Toyota raises annual net profit forecast as chip shortage eases
Japan's Toyota raised its annual net profit forecast to a record high on Tuesday and reported strong sales in all regions in the first three quarters as the global semiconductor shortage eases.
The weak yen is also boosting earnings for the auto titan, which now expects to book a net profit of 4.5 trillion yen ($30 billion) this financial year, up from its previous forecast of 3.95 trillion yen.
Third-quarter net profit soared 86 percent on-year to nearly 1.36 trillion yen, the company said.
Demand is booming for Toyota vehicles, and production has recovered significantly from the semiconductor and supply shortages that have pummelled the auto industry in recent years.
Last week the firm announced record vehicle sales of 11.2 million across its brands in 2023, maintaining its crown as the world's top-selling automaker.
But it is also facing scandals involving rigged engine and safety tests at its subsidiaries, which analysts said could have an impact on its overall performance.
"Sales volume increased in all regions" from April-December 2023, while "profit structure improved as marketing efforts together with cost-reduction efforts overcame soaring materials prices since the Covid-19 pandemic", Toyota said.
"As the semiconductor shortage eases, we have been asking suppliers and dealers for their understanding and cooperation in order to deliver as many vehicles as possible to customers as quickly as possible," it added.
Toyota pioneered hybrid cars with its uber-popular Prius model, and critics say the company has been slow to embrace battery-powered engines, even as demand soars for low-emission vehicles.
In 2023, China overtook Japan as the world's biggest vehicle exporter, according to official data released last week, a change fuelled by the country's dominance in electric cars.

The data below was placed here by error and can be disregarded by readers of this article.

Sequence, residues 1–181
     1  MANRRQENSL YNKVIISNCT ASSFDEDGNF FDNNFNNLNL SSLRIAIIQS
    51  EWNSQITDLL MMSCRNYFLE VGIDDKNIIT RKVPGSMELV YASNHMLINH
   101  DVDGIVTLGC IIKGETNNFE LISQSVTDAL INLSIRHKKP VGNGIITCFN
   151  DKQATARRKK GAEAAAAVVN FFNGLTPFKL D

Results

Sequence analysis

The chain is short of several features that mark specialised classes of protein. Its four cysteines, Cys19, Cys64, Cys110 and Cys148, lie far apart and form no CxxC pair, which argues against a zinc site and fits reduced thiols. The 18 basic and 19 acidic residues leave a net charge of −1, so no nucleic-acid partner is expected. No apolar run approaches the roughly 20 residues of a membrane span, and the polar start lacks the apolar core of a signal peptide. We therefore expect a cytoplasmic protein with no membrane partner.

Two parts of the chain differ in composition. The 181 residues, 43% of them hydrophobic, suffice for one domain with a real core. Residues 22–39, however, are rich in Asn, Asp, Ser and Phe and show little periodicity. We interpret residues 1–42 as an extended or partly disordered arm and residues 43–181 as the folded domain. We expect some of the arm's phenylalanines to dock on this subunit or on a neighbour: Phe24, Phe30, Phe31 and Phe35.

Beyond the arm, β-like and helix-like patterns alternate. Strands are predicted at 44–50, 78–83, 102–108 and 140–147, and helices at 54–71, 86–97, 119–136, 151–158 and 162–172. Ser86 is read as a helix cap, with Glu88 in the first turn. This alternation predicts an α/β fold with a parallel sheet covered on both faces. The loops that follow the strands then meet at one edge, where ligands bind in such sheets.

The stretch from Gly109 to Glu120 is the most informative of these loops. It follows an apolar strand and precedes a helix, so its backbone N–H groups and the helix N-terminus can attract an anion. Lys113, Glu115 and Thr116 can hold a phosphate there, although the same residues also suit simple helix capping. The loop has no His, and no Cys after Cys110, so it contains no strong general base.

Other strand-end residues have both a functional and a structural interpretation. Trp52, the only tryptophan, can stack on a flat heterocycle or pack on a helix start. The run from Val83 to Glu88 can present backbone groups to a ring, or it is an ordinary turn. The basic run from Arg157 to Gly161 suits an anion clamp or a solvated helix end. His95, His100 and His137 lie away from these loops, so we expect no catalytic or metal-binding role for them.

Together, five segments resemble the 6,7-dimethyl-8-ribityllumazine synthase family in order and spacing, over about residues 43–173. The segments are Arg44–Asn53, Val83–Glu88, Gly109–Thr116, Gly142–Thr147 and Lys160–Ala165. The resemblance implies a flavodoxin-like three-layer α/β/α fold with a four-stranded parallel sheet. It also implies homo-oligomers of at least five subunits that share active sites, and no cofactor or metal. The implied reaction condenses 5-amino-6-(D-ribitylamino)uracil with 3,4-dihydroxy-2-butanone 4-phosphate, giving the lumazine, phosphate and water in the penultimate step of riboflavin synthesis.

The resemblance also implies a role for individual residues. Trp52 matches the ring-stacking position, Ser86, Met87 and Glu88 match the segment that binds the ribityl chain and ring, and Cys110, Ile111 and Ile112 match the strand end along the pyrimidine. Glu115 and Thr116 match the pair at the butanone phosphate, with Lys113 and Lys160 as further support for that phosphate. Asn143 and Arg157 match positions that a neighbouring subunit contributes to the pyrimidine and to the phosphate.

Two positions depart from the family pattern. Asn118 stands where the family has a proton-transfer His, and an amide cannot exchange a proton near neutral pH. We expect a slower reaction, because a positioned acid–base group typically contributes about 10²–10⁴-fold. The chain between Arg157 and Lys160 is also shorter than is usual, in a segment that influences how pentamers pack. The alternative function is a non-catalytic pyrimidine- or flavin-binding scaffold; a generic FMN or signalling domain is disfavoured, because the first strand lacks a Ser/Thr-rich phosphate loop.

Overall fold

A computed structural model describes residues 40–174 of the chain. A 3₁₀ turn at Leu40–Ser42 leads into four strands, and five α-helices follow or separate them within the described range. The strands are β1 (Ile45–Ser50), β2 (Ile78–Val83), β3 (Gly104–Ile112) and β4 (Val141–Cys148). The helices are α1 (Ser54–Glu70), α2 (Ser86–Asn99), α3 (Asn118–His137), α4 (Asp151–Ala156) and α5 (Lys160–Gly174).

Now Japanese carmakers are playing catch-up, with Toyota aiming to sell 1.5 million EVs annually by 2026 and 3.5 million by 2030.
The company is also hoping to mass-produce solid-state batteries that charge faster than conventional ones and give EVs more range.
Even so, Toyota is unlikely to give up on hybrids, Tatsuo Yoshida, an auto analyst at Bloomberg Intelligence, told AFP ahead of the results.
Aside from the high costs involved, challenges faced by battery-powered cars include "limited range, charging infrastructure, resale values and battery recycling", he said.
An improvement to supply chain problems, pent-up demand and the weak yen are working in Toyota's favour, according to Yoshida.
But "scandals involving subsidiaries like Daihatsu and Hino, as well as Toyota Industries, could potentially affect Toyota's overall performance", he warned.
Last week, board chairman Akio Toyoda also apologised for recent scandals involving rigged engine and safety tests at the subsidiaries.
Toyoda vowed to oversee improvements to recover trust from consumers, saying he was "ashamed" of the situation.